By Jojo A. Robles | Manila Standard Today
Say what you want about President Noynoy Aquino, but he certainly seems to believe that he’s not in office to make friends and, in that way, influence people. His declaration that he will not allow the burial of former President Ferdinand Marcos with any sort of official or military honors and his continued efforts to force the Judiciary to submit to his authority are just the latest examples of this strange belief that he doesn’t need anyone who is not of the Yellow persuasion.
Of course, Aquino is merely being consistent in his black-and-white way. After all, his administration has invariably shown that it will always protect its own and simultaneously never fail to antagonize everyone else.
In the case of Marcos’ burial, how important is it, really, for Aquino to show that he will never forgive his and his family’s political enemies, whether those made in the sixties or in the last administration? Why does he believe that he will commit an injustice if he gives honor to a dead President even if he is not a judge assigned to rule on the cases filed against the Marcoses?
Speaking of judges, why does Aquino allow his budget secretary and his sycophants in Congress to oppress the Judiciary by making a mockery of that branch’s fiscal autonomy and with threats of impeachment? Why does he fail to understand that his power as President, while immense, has its limits?
Allowing a burial with full state honors for the late President Ferdinand Marcos is not “the height of injustice,” regardless of what President Noynoy Aquino says. Justice is granted by the courts, not by any occupant of Malacañang—not even one as ignorant of the separation of powers of co-equal branches of government as Aquino is.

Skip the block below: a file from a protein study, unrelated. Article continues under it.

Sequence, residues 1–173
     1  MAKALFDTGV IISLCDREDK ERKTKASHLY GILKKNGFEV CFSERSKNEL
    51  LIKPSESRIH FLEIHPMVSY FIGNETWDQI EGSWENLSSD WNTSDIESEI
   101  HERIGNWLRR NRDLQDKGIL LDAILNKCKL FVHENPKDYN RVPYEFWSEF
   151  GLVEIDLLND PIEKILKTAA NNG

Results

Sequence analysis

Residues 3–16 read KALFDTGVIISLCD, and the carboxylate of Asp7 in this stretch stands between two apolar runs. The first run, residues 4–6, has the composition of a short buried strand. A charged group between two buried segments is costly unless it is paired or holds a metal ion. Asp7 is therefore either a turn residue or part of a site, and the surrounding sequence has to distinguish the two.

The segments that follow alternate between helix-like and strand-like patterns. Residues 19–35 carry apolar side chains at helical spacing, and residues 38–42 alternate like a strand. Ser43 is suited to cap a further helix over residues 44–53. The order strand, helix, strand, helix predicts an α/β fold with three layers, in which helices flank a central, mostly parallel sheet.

Whatever Aquino does in connection with the controversial plan to bury the body of Marcos in the Libingan ng mga Bayani has nothing to do with justice. For that, the people who have claims against Marcos, his family and his associates have gone to the courts, which dispense justice by their interpretation of the law.
What Aquino has in his power to do, as President, is to make a political statement regarding the disposition of Marcos’ uninterred corpse. And that is certainly different from meting out justice.
And Aquino could have chosen to do the statesmanlike, conciliatory thing—or at the very least followed the recommendations of Vice President Jejomar Binay. Aquino, after all, had tried to distance himself from the controversy by ordering Binay to study the matter of how and where to bury Marcos.
Because Binay possesses more political smarts than Aquino could ever dream of developing, the Vice President sought a middle way. He recommended that Marcos should be buried with full state honors, as befits a former President—but in his home province of Ilocos Norte, instead of in the heroes’ cemetery.
This week, we hear from Aquino that there is to be no attempt to end the Marcos-Aquino war that began half a century ago. There will be no move to heal the divisiveness, even through a mere gesture that is certainly not binding in any court where the cases against Marcos are still being tried.
As an understandably bitter Senator Bongbong Marcos said, it’s difficult to deal with someone who cannot be held to his promise and who keeps changing his position. “He has wasted a good opportunity to unify a nation,” the younger Marcos said. “He obviously does not want to heal the divisions. He wants to widen the divisions.”
Aquino may disagree with Marcos’ assessment of his motives. The President may have merely wanted to play to his base of anti-Marcos Yellows.
But as far as the results of Aquino’s decision to pander to his captive supporters, Marcos was certainly correct. The President missed out on a chance to act like a statesman—a charge that, after all, has never been leveled against him before.